Eating cake, having a ball

Holiday: At Twelfth-Night festivals, Colonial America's equivalent of our New Year's Eve, guests would get slices of an elegant dessert and maybe good luck.

January 03, 2001|By Marlene Parrish | Marlene Parrish,LOS ANGELES TIMES SYNDICATE

While many folks are into Day 6 of their annual after-the-holidays diet, a few others have yet to celebrate the last of the holidays, the Twelfth Night of Christmas.

Do you know about it? If not, here's a short review.

In the Christmas story as told in the Gospel of St. Matthew, the shepherds in the fields saw a star shining in the east. And the three wise men followed the star, bringing gifts to the newborn babe. Tradition says that the three wise men arrived in Bethlehem 12 days after Christmas, which on Western Christian calendars is Jan. 6. The celebration of their arrival is called Epiphany or, in secular words, Twelfth Night.

Twelfth-Night festivals had their heyday in Colonial America when it was the final bash in a dozen days of escalating merrymaking.

The equivalent of our New Year's Eve, it was most faithfully and traditionally observed in Pennsylvania, Maryland, Virginia and Delaware. The wealthy families in those states used it as an excuse to have a full-fledged dress-up ball. At the very least, there would be feasting, dancing and usually mumming or the re-enactment of popular stories based on Christmas themes in which the participants dressed in fantastic or comic costumes.

The Twelfth-Night balls were most often the equivalent of swinging-singles parties, attended by the young and unmarried. This was an annual opportunity for young men and women to socialize, flirt and make their moves. This sounds like a lot of pressure for one evening a year. Now or never; no risk, no reward; the do or die of singleness.

The Twelfth-Night Cake was instrumental in making the party a success. A large bean and/or a large pea were dropped into the batter of the cake before baking. Finding either one in your piece of cake meant perhaps a broken molar, but the certainty of good luck in the new year. The finders of the bean and pea might be chosen to lead charades and other parlor games designed to get the shy folks mingling and everyone having a good time. Dice and card games were popular. In fact, invitations to the balls were printed on blank playing cards. At the end of the games, a king and queen of the ball were chosen, and the dancing began.

The cake itself had many names - Twelfth-Night Cake, Christmas Cake, Plum Cake and Great Cake, all synonyms for, and variations of, plain old fruitcake. The difference is that there was considerable status associated with the height of the cake. The cake might be as high as 14 inches, must have weighed a ton and was usually surrounded by "bridesmaid" dishes - platters of orange fritters, wafers and jelly, crullers and fried pies.

The huge fruitcake was usually heavily iced and ornamented with elaborate sugar-work figures. Please have considerable awe and respect for the cook when you realize that sugar was expensive and scarce, and huge blocks of it had to be broken, whacked, pounded, ground and sifted before the sugar was in any form that could be used.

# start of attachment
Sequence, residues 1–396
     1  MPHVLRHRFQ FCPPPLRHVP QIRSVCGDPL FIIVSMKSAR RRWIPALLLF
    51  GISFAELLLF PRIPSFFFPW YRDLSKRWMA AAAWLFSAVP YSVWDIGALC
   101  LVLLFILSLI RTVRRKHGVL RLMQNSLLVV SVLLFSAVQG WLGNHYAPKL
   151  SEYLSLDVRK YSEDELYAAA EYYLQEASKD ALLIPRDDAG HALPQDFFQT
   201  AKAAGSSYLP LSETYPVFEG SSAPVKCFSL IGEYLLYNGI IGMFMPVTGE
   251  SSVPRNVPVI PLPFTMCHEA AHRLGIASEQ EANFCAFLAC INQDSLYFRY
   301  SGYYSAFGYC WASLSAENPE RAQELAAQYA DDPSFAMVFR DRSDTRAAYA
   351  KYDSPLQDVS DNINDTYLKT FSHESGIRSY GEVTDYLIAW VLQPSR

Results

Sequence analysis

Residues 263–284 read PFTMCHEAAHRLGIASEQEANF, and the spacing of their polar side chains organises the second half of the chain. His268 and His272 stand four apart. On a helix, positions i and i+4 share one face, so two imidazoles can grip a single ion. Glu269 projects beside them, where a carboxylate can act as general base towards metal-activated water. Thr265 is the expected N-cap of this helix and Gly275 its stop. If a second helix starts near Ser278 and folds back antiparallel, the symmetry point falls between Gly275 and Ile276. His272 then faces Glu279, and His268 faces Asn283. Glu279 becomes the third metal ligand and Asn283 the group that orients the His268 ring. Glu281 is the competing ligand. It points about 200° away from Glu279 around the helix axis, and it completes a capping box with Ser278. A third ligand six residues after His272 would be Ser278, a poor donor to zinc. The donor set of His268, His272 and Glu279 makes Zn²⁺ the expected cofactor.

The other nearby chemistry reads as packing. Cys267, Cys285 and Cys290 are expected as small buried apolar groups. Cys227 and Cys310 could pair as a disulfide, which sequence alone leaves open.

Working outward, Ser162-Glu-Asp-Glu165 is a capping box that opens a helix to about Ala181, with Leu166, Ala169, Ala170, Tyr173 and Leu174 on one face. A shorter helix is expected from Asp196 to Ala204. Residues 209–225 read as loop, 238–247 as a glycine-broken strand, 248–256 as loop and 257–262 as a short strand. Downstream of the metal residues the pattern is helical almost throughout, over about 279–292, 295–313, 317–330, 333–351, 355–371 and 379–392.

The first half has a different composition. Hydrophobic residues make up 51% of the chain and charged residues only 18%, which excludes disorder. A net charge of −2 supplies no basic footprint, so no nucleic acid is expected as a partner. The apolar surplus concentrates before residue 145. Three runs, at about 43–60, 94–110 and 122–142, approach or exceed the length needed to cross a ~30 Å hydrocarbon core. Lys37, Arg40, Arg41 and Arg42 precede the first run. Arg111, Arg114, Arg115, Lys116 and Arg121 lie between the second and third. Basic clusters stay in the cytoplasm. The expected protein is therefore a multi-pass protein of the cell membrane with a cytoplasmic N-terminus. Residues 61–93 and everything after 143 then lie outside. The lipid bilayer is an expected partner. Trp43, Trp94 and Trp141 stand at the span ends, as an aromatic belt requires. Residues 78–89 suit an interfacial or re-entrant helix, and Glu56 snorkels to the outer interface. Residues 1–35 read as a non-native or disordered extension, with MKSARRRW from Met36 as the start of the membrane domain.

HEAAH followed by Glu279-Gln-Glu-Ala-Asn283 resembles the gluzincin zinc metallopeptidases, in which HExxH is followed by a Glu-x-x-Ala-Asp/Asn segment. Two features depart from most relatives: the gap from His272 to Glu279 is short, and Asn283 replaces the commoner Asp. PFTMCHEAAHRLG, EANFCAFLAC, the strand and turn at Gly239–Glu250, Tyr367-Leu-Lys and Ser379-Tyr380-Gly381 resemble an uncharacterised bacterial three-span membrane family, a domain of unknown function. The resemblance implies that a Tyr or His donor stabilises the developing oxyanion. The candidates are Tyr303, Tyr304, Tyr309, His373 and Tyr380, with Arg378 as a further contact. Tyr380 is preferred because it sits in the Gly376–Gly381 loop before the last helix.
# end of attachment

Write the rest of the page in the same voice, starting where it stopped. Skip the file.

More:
Nowadays, a French version of Twelfth-Night Cake survives in Louisiana, where it is known as Galette des Rois or King's Cake. The present one uses puff pastry, not fruitcake, and it's easily and quickly put together by the home cook.

Twelfth-Night festivals sound like a really swell time, don't they? In the interests of revival, try this simple, golden, flaky, pastry cake.

Twelfth-Night Cake

As golden as a crown, this simple but elegant cake celebrates Epiphany, the last day of Christmas. This version starts with ready-made puff pastry from the freezer case at the supermarket. For an alternate, super-simple filling, just open a 10-ounce jar of coffeecake filling, such as almond or date, and spread it over the pastry. For a surprise, poke a bean and/or a pea into the filling as lucky charms, but warn diners they're in the cake before they begin eating.

Makes 8 to 10 servings

1 (17.3-ounce) package frozen puff pastry (2 sheets)

1 (7-ounce) package almond paste

1 tablespoon sugar

1 tablespoon butter or margarine, melted

1 teaspoon grated lemon zest

1 teaspoon rum or rum flavoring

few drops almond flavoring

few drops vanilla

1 drop green food coloring

1 egg, for glaze

Defrost puff-pastry sheets according to package directions.

In blender or food processor, combine almond paste, sugar, melted butter, lemon zest, rum, almond flavoring, vanilla and green food coloring. The green coloring is pretty and keeps cake from being all one color.

Using 8-inch-round cake pan as a pattern, cut 2 circles of pastry with sharp knife. Place 1 pastry round on ungreased baking sheet. Spread filling to within 1 inch of edge. Add bean and/or pea as good-luck charm (diners need to be cautioned when eating). Place other sheet on top and press edges firmly to seal. With knife, cut top pastry sheet almost through to form diamond pattern. Cover cake with plastic wrap and chill two hours.

Just before baking, slightly beat egg and brush over top of cake to glaze. Bake at 375 degrees about 35 minutes or until dark golden. Cool. Cut into wedges to serve.

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